This means if you use imaging software (or cloning software) to migrate your system from a mechanical drive onto a new SSD, you may not get the performance you expect. The best way to ensure you do is to perform a clean installation of Windows 7 directly onto the SSD. But if this isn’t practical, you can try adjusting the system settings.
To disable caching features that could harm the performance of your SSD, open the Registry Editor and navigate to HKEY_LOCAL_MACHINE\SYSTEM\ CurrentControlSet\Control\Session Manager\Memory Management\ PrefetchParameters. Once there, you’ll see a few keys, including two named EnablePrefetcher and EnableSuperfetch. Double-click on each of them and set their values to 0 to disable them.
It’s also worth checking that Windows is making use of your SSD’s TRIM feature, which cleans up deleted files in the background. You can do this from an administrative command prompt: to open one, go to the Start menu, type “cmd”, then right-click on the cmd. exe icon and select “Run as administrator”. Once you see the prompt, enter the following line:
fsutil behavior query DisableDeleteNotify
If you receive a response telling you that “DisableDeleteNotify = 0” then TRIM is enabled. If not, you can enable it by entering:
fsutil behavior set DisableDeleteNotify 0
A last SSD-specific recommendation is to disable scheduled defragmentation: SSDs don’t need defragging, and the constant reading and writing wears out the drive. To do this, open the Task Scheduler from the Start menu and click on Task Scheduler Library in the left-hand pane. Then browse to Microsoft|Windows|Defrag. If you see a scheduled defragmentation task appear in the top-centre pane, click on it, then click “Disable” in the right-hand pane to stop it running.
We recently reviewed Acronis True Image 2012, one of the more popular home options for using a disk image for back up and recovery (get the free trial here). Recent changes have added some new features, but ultimately the system remains simple at its core.
One of the big advantages of the 2012 iteration of True Image is the support now offered for NAS devices. The software now finds and recognises them as a disk, rather than requiring you to wade through network trees. Given the increasing popularity of the NAS as a home device and the ongoing simplification of the installation and running of a home NAS, Acronis’ decision to add improved support in this version is extremely welcome.
Also, if you’re still running Windows XP (which a surprisingly large number of users around the world are), the software will now make disks larger than 2TB usable with little fuss.
Another popular program for this is Paragon’s Backup & Recovery, a powerful program that has a free edition available online. This application not only supports of all the present day techniques to store backup images, but it also has advanced features such as partitioning tools, virtualisation and migration facilities and much more.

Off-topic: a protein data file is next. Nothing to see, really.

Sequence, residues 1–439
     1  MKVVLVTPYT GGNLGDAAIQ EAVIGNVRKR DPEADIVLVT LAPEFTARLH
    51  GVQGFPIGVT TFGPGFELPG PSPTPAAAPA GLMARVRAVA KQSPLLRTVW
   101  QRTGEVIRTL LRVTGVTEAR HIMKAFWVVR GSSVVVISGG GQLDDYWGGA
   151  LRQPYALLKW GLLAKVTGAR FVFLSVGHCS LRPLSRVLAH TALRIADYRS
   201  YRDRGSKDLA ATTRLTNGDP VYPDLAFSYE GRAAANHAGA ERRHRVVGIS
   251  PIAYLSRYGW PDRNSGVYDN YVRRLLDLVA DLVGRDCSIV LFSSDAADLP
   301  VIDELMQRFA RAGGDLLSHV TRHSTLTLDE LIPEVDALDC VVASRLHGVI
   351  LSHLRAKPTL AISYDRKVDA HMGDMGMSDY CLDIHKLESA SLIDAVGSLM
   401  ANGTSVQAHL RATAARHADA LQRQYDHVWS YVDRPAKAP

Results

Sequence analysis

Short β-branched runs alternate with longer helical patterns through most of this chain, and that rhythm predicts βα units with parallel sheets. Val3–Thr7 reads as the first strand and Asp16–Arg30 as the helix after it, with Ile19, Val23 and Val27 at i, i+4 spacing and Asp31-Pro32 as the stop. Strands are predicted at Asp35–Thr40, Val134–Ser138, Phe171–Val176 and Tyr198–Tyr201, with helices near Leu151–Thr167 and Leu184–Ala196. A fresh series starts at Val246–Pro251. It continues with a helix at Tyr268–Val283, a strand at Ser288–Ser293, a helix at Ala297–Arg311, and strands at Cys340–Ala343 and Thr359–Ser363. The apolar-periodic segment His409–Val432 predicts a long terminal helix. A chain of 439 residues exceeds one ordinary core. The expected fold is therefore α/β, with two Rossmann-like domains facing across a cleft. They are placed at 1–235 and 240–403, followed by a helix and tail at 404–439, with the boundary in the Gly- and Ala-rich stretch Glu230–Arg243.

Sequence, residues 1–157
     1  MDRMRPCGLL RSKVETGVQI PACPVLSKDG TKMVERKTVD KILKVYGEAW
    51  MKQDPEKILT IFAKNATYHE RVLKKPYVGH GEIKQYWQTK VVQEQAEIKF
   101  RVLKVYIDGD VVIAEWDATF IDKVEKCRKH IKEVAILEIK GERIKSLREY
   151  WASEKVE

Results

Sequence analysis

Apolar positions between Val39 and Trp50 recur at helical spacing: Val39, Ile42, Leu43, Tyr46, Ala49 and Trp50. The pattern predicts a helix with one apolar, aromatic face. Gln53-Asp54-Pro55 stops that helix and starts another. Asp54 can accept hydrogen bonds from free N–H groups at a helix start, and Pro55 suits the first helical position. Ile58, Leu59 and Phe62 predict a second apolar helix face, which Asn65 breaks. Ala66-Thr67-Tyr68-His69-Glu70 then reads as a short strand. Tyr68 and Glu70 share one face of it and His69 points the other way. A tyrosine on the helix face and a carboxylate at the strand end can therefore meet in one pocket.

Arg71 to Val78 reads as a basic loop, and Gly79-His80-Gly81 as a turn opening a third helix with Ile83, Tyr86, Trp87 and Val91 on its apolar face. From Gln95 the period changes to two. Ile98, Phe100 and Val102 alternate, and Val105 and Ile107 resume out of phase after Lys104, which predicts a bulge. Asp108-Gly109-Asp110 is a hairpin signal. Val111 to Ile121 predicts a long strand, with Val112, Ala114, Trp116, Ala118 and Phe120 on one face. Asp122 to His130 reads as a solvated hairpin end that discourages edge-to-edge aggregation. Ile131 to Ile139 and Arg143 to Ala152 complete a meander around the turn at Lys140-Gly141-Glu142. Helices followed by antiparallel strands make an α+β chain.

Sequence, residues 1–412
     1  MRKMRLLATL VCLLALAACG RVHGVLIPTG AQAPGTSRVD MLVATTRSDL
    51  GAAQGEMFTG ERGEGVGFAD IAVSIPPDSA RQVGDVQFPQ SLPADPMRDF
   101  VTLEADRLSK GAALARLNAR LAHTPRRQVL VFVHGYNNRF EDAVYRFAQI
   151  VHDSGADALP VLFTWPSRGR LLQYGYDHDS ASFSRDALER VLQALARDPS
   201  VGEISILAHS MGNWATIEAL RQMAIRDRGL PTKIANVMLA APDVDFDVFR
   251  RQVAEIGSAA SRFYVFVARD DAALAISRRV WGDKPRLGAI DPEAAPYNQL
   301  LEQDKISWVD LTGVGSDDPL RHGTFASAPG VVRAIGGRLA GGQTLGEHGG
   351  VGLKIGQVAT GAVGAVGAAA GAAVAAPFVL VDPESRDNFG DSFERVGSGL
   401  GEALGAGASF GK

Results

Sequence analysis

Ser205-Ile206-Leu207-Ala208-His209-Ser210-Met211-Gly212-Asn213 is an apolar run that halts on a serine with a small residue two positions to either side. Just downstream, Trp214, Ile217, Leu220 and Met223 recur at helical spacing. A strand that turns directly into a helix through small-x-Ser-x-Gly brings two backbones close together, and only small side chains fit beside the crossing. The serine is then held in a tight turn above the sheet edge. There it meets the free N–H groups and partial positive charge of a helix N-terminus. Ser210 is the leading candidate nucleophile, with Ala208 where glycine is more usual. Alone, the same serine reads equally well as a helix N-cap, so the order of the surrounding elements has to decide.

A quick look around will reveal a number of programs that can be used for disc imaging.
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Walkthrough: Creating images with O&O DiskImage Professional
DiskImage opens with an easy interface offering the most common tasks. One-click imaging automatically backs up your primary drive to an image file, and you can also restore an image or create differential/incremental images. If you want more control, click the bottom button to switch to the advanced start page.
Step 2 :
DiskImage uses a familiar tabbed interface. Under the Image tab you can select any of the disks on your system, or individual partitions, for imaging – there’s a map at the bottom of the window. You can launch a one-click imaging task from here, or click “Image of the changes” to create a differential or incremental image
When you start creating an image, you’re asked to specify the target file: click “…” to choose a different location. The program shows whether the image file will be compressed, encrypted, validated or split into multiple files – click Options in the main interface to change this. You can also convert your image into VHD format
The Options panel also includes advanced features. For example, you can exclude files by filter: if you deal with large temporary files, you don’t need to include them in your images. You can also specify how DriveImage should cope with problems such as disk errors encountered during the imaging process.
Taking a snapshot can take a while. The precise time it takes will depend on the characteristics of your hardware, and on how much data is stored on the drive you’re imaging. Creating an image of a heavily loaded system drive can take several hours, so plan ahead – or use DiskImage’s built-in scheduling tools.
When it’s time to restore an image, go to the Restoration tab, choose a target drive and select an image. If you’re not sure which drive an image should be written to, click “Suggest targets” and DriveImage will try to identify the appropriate place. By default, incremental updates have suffixes such as ,  and so forth.